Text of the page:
A review of the new album from Boris, 'Attention Please'... - OurVinyl

Boris’ LP ‘Attention Please’

Album Reviews

Boris may be slowing down the tempo, but not their progression through the music rabbit hole. Attention Please, which came out this May, is a blend of J-Pop, traditional high-glam electronica and yes, the bands’ trademark shoegaze here and there, just in case the listener forgets for a moment this is the same band that brought you the heavy storm that was Smile. Though most will see it as a break from recent material, it actually just shows off the band’s ability to successfully move through any genre or style, shedding it like last night’s party dress, and kicking it into a pile with the others.

The biggest plus to Attention Please is getting to hear guitarist Wata’s beautiful silky vocals throughout the entire album. Songs like “Party Boy” make listeners wonder why it wasn’t there before. The injection of English words sung so sumptuously makes them as exotic as the Japanese lyrics. The title track seems filled with bodies crowding the dance floor, bouncing neon baselines obliterating everything the cocktails didn’t. And yet, if one reads the lyrics, it’s about being delayed for your flight; “attention please” is not a cry for help, it’s the blasted airport staff ruining your day.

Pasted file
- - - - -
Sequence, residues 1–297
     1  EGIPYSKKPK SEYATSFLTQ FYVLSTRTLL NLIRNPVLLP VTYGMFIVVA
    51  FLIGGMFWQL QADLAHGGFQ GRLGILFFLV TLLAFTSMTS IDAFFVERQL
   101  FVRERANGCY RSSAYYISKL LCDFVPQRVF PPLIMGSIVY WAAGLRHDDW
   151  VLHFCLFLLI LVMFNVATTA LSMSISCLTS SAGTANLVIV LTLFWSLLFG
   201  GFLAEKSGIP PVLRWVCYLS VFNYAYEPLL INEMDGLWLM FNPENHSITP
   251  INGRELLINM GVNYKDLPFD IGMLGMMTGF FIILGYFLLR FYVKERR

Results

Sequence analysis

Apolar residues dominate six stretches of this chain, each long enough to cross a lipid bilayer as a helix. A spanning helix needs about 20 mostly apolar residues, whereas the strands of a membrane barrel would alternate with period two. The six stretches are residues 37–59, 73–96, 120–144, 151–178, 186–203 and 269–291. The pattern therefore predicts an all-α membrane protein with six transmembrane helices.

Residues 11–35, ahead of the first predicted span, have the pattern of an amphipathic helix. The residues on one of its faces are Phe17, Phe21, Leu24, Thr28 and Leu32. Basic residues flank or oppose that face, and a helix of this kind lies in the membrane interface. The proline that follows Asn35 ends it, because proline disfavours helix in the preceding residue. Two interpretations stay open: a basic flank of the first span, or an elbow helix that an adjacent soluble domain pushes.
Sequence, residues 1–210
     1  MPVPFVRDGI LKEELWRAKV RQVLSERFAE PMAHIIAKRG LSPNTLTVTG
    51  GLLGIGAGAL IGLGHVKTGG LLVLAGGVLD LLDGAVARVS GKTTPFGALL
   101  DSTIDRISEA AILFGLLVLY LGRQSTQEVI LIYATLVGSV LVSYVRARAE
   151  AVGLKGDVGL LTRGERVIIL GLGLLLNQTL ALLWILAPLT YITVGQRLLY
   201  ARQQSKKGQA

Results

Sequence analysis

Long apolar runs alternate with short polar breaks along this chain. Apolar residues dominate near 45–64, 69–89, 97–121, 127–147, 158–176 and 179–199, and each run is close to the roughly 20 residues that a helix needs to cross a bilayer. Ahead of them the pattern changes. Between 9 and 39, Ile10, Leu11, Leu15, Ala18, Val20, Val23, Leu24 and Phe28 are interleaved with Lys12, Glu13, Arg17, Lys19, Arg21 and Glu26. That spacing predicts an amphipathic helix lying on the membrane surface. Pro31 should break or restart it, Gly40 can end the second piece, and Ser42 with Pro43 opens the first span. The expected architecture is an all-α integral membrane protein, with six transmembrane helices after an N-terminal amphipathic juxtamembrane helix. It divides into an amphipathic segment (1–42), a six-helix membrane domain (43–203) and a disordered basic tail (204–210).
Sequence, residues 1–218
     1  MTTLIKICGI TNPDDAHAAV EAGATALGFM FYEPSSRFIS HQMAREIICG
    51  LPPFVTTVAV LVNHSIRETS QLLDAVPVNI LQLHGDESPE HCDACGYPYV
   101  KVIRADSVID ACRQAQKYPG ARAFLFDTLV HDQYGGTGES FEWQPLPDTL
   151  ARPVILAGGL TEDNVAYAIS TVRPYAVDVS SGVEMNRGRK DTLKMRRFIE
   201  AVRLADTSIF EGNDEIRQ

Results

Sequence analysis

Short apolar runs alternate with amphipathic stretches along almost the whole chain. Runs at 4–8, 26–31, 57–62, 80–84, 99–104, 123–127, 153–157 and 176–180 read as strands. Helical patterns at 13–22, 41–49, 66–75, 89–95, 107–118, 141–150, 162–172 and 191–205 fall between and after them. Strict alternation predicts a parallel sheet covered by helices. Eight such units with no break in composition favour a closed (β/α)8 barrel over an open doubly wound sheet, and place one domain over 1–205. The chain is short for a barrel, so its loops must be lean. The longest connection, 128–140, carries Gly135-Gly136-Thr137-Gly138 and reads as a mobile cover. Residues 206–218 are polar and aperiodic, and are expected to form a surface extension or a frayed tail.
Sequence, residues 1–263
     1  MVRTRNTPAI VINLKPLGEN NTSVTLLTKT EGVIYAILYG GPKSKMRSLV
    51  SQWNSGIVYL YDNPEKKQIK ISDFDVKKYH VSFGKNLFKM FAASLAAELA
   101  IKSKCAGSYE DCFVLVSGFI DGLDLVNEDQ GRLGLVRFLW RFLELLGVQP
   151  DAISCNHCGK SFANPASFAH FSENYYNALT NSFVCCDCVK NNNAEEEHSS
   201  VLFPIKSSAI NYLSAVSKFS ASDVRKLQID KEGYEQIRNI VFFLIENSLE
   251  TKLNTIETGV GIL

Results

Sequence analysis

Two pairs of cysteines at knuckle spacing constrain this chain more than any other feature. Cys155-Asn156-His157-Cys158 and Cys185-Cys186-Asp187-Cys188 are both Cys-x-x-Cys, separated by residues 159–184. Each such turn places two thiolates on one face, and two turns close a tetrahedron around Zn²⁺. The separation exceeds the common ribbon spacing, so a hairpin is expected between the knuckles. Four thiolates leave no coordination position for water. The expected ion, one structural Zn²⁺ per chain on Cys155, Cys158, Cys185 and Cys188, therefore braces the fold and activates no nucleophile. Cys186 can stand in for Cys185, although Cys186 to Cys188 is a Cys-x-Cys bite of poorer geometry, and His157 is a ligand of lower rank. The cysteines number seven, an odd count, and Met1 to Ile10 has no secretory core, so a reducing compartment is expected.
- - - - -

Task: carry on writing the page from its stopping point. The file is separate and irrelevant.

One of the tightest songs on the album is “Hope”. Take out the vocals, and it’s Smashing Pumpkins circa Machina I. The orchestral tracks, the tinge of heartbreak that’s missing from most angsty, moody rock of today is here, sans the pretension. This is music that should have happened 10 years ago, before the world had a name for acts like The Sleepy Jackson and people forgot New Order. A weird place? Yes. But that’s Boris.

Attention Please was released simultaneously with Heavy Rocks, which is also the name of a previous release. If that combined with the style shift isn’t enough to confuse many, the fact that there exists vamped-up, much more alive versions of several Attention Please songs on a Japanese-only version frustrates most. The songs are beefier, more like what one would expect from Boris. But, in the end, this version it is what it is: A great frolic through the glittery, trashy, magical void that lies on the far end of the J-Rock universe.

Written by Nicole Banister